Home affordability erodes in first half of 2017

Most industry watchers believe home prices will keep moving up
and the strong sellers’ market will keep going for some time barring a recession.
Housing economists don’t agree, however,
on how relatively affordable the market is for buyers.

On Wednesday, the National Association of Realtors (NAR) reported
that the median national home price had reached a new record high at $255,600
in the second quarter. Prices in some cities are at truly eye-popping levels. A
home in the nation’s most expensive market, San Jose, California, for example,
will cost $1.18 million, NAR reported. The median sales prices in San Francisco
and Los Angeles aren’t that far behind.

Nationally, however, NAR’s data suggests that the housing market remains
solidly affordable. The trade group’s affordability index — a measure of  how easy it is for a typical wage earner to
qualify for a mortgage to cover 80 percent of the home-purchase price — remains solidly in the affordable range at 151. This is a gauge for the entire market, based on incomes, mortgage rates and home prices. A number above 100 indicates that borrower will be able
to afford the mortgage payments, assuming a 20 percent downpayment.

Notably, NAR’s affordability index for first-time buyers fell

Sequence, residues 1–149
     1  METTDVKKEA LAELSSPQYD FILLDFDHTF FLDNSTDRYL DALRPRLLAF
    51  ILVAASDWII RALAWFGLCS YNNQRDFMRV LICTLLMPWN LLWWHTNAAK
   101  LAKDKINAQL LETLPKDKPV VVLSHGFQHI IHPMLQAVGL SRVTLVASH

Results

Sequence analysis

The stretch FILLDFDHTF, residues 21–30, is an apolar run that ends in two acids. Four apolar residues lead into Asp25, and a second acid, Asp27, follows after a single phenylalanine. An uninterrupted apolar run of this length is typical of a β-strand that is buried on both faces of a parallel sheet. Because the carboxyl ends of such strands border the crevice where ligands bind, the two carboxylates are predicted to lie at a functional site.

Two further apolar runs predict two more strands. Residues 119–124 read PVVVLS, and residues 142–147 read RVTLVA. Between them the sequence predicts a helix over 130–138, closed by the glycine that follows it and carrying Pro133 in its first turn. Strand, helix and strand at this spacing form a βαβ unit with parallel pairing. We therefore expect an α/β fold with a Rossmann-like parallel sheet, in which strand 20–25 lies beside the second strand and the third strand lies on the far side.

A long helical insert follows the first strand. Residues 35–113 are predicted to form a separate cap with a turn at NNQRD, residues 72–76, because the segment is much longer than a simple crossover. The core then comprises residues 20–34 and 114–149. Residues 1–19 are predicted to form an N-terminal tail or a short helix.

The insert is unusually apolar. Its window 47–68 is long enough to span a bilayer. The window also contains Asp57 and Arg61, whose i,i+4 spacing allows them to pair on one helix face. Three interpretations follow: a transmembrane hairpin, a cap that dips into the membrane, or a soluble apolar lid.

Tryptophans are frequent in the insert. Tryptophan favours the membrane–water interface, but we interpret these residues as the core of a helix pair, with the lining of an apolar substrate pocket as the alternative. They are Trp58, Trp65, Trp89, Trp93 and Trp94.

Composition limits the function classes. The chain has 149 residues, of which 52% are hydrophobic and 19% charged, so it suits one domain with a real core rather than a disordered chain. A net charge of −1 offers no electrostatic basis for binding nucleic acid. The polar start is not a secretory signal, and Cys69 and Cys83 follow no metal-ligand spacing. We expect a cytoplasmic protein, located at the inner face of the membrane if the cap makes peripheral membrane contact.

below the 100 threshold in the second quarter, to 99.7.

NAR’s Chief Economist Lawrence Yun has warned for months about the potential for an affordability crisis, given the strong demand for homes and
ultra-tight inventories in some markets, especially at the lower-priced end of
the market. NAR’s composite affordability index has fallen from a height of
214.5 in January 2013.

“The number is above 100 comfortably, which implies that a
median-income person should easily be able to buy a median-priced home,” Yun
said in a telephone interview this week. “But it is all relative. Compared to
what it had been say, three, four, six years ago, the affordability is lower
now. And the reason why it is lower is because home prices have grown much
faster than people’s income.”

Other indices that have measured affordability have also
been weakening. The title insurance company First American Corp’s real price
index, for example, was up just over 10 percent year over year in May.

First American’s index factors in changes in wages and
mortgage rates. That index appears to indicate that home prices on a national
basis are well below the real price of homes in 2000, which is often benchmarked
as a normal market.

First American Chief Economist Mark Fleming said the real issue with the
housing market today is not the price of homes, but the lack of inventories,
which affords buyers and potential sellers fewer choices. Rising mortgage
rates and rising prices will eventually catch up with the market, however.

“There are more expensive markets than others, but
practically everywhere housing remains, by historic standards, affordable,” Fleming
said. “That said, nationally we have lost 10 percent affordability. We are
moving quickly toward decreasing affordability. That is because house prices
are significantly outpacing income growth and interest rates are beginning to
rise. Even though the level of affordability is very high, it is not getting
better, it is getting worse.” 

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